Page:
In towns such as
these, when some bushy-tongued fan confused my name, calling me something
bawdily capsuled or George Washington Lincoln Jefferson Brown, I could see my
teammates gesticulating up into the stands. Moreland did his own gesticulating.
In El Paso he told some bloated, cowboy-thatched fan that if he, Moreland, had
19 more like the fan, he'd have a 20-mule team, and then he threatened to jump
into the stands to capture the one mule he had. These incidents were all put
down as part of the game. I didn't see it that way. Moreland didn't either, and
he was determined not to separate his professional life and his private one and
thus weaken both. When we got to Bisbee, Ariz., Earl Wilson, who now pitches
for Detroit and who then was pitching, catching and playing the outfield for
Bisbee-Douglas, used to come whistling across the tracks to sit with us among
the crabby old townsmen in the lobby of our hotel, and at those times Moreland
was poetic about our duties. "You're major league," he would say,
"but you've got to carry that gun inside you for these bushes. When you
lace up those spikes, you're more than these animals." I could see then why
Moreland, past any dream of the big tent, came to the ball park to pitch.
David and Moi were
hitting everything in sight, and I envied their ability to shut out the
ugliness of what I knew they were going through. Certainly, they were no more
hungry than I. I thought, assuredly, that I had no more deficiencies than they.
What was it? Though I thought of the game as surpassing any pleasure I knew, I
really had not defined exactly what that pleasure was. What held me is
something that I can see now, intellectually.
the other gang rituals, is a game of loneliness and individual aspiration. Each
play begins with a confrontation between two egos. You are there alone for a
moment, and whatever is possible within that moment depends on your physical
skill and judgment. Everything is directed toward winning, giving life to those
who wear your colors, and you are, for that moment, like a god. What you want
is within that moment, and that is simply: to perform.
I was beginning to
learn in Arizona and Texas that you could not perform unless—and my father
would not have had it so—you were essentially for yourself. The Yankee scout
knew, in his maudlin inarticulateness, that truth. His mistake was in seeing
the ballplayer as ultimately essential to the ball club and the game.
When managers and
executives are good, they see beyond the material hunger into a metaphysical
hunger. I think of Ronnie Camacho, still jousting the sad nights on hiccuping
buses, hoarding his Lilliputian meal money, tackling the upper half of a
baseball under lights that resembled Chinese lanterns at some elegant lawn
party. He is 31 now and certainly won't get another shot because, as he says,
"I can't hit the American curveball." When I see him now, he talks
about his house in Empalme, his new car, his wife and healthy children. I can't
say how well off he'd be if he didn't have those quick wrists. I can't say that
money and recognition as he swaggers through the streets aren't important to
him. But I'm sure that they are not all that is important to him.
One night last
season I saw him in a ball game against Jalisco's Charros. Andres Ayon, an
arrogant young peashooter, was throwing for Jalisco. Ronnie, after a 12- or
13-hour ride in his new car over Mexico's perpetually-in-repair roads, was
having trouble getting around on the ball. Late in the game Ayon went to 3 and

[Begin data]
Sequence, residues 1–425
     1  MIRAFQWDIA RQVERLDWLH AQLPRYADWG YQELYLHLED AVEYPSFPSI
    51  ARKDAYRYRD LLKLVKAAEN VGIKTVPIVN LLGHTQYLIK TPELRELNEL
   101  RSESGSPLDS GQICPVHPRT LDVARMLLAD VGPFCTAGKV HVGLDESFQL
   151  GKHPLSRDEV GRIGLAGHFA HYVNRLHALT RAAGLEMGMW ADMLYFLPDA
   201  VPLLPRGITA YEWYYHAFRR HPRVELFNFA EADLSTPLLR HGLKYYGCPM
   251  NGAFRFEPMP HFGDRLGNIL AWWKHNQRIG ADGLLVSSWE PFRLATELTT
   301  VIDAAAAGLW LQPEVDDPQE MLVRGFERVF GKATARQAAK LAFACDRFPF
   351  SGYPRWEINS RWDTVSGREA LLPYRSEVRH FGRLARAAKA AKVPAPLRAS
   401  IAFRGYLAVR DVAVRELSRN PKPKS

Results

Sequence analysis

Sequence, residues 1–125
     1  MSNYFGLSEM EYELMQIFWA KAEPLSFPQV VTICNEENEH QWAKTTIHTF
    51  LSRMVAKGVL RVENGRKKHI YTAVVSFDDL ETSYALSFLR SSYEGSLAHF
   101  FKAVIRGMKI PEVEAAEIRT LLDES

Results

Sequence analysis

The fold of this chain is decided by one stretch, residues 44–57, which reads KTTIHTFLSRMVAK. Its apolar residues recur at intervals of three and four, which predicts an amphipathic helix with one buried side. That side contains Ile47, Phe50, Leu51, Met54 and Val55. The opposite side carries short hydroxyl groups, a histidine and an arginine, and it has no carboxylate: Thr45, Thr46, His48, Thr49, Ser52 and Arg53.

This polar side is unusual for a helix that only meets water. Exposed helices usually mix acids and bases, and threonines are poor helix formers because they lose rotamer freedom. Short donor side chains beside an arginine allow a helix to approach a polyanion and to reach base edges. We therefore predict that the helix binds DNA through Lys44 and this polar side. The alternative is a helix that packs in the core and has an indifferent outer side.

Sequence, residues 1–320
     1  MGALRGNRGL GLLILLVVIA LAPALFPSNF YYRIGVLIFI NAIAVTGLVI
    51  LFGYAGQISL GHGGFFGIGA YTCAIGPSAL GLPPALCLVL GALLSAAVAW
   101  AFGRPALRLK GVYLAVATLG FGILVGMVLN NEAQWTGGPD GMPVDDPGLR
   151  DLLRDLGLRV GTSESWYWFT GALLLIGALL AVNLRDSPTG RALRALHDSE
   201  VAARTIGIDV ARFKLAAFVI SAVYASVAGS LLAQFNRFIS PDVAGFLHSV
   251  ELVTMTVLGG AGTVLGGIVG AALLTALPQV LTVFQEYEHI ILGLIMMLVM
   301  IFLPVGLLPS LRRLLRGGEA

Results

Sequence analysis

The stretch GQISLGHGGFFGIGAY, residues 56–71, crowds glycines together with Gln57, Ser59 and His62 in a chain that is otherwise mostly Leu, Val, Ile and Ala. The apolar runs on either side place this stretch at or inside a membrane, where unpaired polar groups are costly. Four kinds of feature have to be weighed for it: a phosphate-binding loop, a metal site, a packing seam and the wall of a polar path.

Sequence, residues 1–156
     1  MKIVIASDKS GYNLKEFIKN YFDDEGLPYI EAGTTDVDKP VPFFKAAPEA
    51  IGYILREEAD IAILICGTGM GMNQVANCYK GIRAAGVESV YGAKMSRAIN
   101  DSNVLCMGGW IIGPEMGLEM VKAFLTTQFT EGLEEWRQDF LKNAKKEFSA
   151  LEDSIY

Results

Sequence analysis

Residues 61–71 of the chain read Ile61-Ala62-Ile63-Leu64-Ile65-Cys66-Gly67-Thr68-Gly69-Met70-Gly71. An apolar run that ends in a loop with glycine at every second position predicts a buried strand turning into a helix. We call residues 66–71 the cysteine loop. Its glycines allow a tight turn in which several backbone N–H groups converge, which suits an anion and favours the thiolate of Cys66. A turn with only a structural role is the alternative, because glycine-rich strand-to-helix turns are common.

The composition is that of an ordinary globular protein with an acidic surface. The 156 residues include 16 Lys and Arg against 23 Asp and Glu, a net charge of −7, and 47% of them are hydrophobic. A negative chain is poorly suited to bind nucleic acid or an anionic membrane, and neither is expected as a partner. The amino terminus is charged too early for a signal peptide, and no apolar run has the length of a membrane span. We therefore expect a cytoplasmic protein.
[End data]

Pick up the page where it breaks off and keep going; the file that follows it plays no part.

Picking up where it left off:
2 on Ronnie, and Ronnie, going after everything, was hitting foul balls off to
the right. On one such Ayon ran toward the line as Ronnie took several steps
toward first. I looked toward the ball and then back toward the plate where
Ronnie seemed to be asking Ayon just how hard he thought he had to fire to
dispose of Ronnie. This, after all, over 13 seasons, was the home-run champion
of the Mexican League. Ayon signaled to his catcher that he wanted the hard one
and he did dispose of Ronnie, who took a pitch on the outside corner.
I'd never say that
Ronnie's anger, and the frustration that followed, were a result of going down
taking. That's happened before. But the twilight lights seem now to bother
Ronnie Camacho more than ever before.
That pitch, more
than any other, bothered me. It was such a blatant challenge, such a perverse
reward for 15 years. It was a brief questioning of what I'd turned up at the
Padre camp and in Mexicali, uncomprehendingly looking for. I felt like an
aficionado who, having a bull dedicated to him, sees his torero fail with the
sword. At that moment, as in the corrida, the business had turned again to art
and, beyond it, into life.
And at that moment
I could think of baseball as the realization, the summit of a masculine
esthetic—an esthetic, which, as in the highest art, summarizes a man's life,
sets him in a historical context where he measures himself against the highest
achievement and where he feels that he is perpetuating the spirit of the best
of his chosen work. Aggressive, at times mean, at times petty and foolish, the
ballplayer still tries to transcend, by the perfection of his craft, the
limitations that are inherent in it, and in himself. Here, really, is his
opportunity: to play beyond the crassness, the artificiality and the grubbiness
that are part of this "American" game.
Where we end is in
the seemingly absurd realization that, for a good many, the game looks like
life, where a man goes into it challenged, exhilarated, proud and all alone.
The big money, the businessmen, the luxuries, certainly are important,
important in that they are there as proofs that the ballplayer is becoming the
man he aspires to be. Our Yankee scout would say that is the American way. I
would say it is something more, that baseball offers the ballplayer what any
man can learn of art, and of his life as art.